So the idea in general is to give you a warning as soon as the app is confident that there is a strike (((a long time ago I already offered a solution to suppress the false strikes, but that might have been solved in a different way, or not, I don’t know))). Then if the storm gets closer and closer, send at most a handful of extra notifications and that’s it. No more notifications, you are in a storm, and better sit it out. It will pass over. if it is a big storm, the current implementation just starts sending new alerts half an hour after it send out the last notification. It wrongly assumes it must be a new storm. And you will get a series of notifications of strikes getting closer (but in reality it is the same storm not getting closer at all). Having a timeout after the last detected strike instead of the last reported strikes prevents that.
Now getting back to the situation that another storm enters the detection range without the previous one being gone. The fix to the problem mention above was to have a timeout after the last detected strike. That would assume that this is still the same storm and not notify you again. The solution to that is to have a time-out per range (the 4 or 5 ranges you mentioned earlier). So that is 4 or 5 timers. A timer restarts when it detects any strike in its range or in a range closer to you. You won’t get notifications for a range when its timer is still running. So if a strike is detected at 12 km, the timers for the range 10-20 km and 20-40+km would both restart.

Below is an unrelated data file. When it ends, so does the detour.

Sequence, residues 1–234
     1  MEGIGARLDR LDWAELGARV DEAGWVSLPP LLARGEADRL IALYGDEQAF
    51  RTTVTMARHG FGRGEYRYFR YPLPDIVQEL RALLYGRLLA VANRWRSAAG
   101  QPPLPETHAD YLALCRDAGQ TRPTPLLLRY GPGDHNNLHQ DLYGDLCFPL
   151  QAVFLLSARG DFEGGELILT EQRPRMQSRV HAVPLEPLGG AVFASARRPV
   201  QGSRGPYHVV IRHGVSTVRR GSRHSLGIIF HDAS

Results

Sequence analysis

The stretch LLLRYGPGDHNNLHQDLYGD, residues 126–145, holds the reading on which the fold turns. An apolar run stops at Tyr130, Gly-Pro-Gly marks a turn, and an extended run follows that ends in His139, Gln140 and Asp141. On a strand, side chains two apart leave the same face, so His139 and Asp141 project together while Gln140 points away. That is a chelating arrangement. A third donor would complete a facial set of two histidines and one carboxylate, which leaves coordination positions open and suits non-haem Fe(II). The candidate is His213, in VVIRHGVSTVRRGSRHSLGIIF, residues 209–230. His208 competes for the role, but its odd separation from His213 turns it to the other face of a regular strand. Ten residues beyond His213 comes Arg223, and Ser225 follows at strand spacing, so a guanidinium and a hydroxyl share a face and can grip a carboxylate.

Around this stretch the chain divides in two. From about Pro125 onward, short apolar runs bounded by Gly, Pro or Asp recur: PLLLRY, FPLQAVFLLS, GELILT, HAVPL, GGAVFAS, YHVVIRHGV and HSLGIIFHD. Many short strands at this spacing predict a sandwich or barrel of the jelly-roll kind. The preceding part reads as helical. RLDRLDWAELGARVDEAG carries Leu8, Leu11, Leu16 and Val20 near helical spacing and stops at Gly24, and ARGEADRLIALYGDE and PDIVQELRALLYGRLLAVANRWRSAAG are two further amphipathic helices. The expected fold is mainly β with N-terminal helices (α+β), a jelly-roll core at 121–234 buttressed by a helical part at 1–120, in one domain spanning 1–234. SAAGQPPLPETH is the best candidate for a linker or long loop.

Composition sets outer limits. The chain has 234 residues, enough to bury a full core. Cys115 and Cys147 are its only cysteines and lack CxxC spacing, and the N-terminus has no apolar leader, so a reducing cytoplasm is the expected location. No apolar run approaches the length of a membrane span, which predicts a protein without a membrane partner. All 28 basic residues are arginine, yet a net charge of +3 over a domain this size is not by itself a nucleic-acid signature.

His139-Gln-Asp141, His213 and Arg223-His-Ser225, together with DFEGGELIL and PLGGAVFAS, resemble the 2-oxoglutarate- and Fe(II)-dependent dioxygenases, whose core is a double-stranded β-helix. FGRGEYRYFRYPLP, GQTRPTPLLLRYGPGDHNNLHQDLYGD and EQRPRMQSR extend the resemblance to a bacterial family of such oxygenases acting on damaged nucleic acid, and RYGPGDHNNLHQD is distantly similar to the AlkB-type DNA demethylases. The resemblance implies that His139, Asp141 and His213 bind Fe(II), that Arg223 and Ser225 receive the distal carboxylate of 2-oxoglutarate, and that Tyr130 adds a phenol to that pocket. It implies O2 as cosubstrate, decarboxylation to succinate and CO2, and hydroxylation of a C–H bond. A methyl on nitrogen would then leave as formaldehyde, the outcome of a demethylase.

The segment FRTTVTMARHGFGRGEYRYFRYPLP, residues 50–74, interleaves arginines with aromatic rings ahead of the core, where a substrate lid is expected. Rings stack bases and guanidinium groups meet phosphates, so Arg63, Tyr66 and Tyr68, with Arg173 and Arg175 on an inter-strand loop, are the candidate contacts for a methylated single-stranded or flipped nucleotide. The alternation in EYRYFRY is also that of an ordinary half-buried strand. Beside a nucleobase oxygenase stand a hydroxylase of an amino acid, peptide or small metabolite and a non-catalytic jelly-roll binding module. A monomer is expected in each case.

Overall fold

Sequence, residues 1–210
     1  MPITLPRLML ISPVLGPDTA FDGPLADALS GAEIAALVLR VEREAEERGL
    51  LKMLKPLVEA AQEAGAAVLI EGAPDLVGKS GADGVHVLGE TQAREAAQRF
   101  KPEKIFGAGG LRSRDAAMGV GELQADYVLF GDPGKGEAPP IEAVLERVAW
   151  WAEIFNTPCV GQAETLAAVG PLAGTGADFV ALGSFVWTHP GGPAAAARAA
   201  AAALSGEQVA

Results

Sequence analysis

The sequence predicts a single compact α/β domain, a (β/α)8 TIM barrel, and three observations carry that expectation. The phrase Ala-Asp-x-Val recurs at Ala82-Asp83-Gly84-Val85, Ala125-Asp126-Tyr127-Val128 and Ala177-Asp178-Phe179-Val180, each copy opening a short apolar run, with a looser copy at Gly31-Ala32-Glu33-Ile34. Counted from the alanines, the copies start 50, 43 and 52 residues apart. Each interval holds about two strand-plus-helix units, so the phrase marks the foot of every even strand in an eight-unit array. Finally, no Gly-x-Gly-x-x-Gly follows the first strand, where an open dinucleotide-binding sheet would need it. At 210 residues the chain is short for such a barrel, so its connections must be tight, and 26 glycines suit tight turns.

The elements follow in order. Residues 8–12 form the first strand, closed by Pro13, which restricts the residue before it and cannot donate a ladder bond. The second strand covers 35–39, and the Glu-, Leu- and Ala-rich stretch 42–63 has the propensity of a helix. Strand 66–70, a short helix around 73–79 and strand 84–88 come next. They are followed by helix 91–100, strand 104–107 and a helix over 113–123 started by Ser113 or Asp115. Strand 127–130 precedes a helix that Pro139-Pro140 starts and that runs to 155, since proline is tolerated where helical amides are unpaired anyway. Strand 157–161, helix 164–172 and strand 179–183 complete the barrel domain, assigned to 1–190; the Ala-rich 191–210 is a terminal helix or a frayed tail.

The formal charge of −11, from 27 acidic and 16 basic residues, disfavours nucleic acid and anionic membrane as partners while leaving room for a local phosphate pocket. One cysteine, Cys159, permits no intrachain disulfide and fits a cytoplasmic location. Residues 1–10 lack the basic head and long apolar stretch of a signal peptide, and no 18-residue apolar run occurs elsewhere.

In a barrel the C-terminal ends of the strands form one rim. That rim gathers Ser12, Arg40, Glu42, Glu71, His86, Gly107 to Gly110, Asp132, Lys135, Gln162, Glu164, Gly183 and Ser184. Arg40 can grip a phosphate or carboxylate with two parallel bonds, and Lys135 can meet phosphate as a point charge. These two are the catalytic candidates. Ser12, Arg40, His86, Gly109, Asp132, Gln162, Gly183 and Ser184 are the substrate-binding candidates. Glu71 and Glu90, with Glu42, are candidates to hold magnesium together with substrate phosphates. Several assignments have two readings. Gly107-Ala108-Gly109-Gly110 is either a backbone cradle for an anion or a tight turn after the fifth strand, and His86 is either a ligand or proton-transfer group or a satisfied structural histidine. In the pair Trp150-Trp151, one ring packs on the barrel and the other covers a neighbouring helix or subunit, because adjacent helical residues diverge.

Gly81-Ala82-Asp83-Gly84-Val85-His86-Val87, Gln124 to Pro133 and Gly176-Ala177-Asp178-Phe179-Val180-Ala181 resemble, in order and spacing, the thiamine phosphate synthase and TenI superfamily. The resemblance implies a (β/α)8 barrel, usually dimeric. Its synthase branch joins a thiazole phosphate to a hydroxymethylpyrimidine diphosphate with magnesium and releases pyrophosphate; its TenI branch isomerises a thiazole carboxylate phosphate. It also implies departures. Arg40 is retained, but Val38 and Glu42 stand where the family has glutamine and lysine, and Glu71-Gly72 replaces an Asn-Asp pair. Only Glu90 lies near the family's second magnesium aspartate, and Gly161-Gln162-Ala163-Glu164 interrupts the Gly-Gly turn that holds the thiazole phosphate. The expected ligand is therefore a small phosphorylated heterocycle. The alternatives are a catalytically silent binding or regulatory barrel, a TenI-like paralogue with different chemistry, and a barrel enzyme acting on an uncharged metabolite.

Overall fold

@dsj if that isn’t a clear enough description we could discus in private.
Ok, this is in place as of about 30 minutes ago. There are now four “zones” (aka “@sunny zones”) defined by the distance away from an individual station, as follows:
Zone 1: 0-5 km or 0-3 mi Zone 2: 5-10 km or 3-6 mi Zone 3: 10-20 km or 6-12 mi Zone 4: 20+ km or 12+ mi
The zones are slightly different depending on whether a station is set for SI vs imperial units, just to make sure they have integer boundaries.
And now, rather than just checking whether the latest strike is “closer than previous strike” in absolute distance, we are checking whether the latest strike is in a “closer zone than previous strike”. So the new simple algorithm looks like this:
While this quick fix doesn’t address everyone’s concerns, it should dramatically reduce the number of lightning alerts sent!
Yes, all very clear and will go into our thinking as we design improvements over this simple “closer zone rather than closer absolute distance” change. Thanks!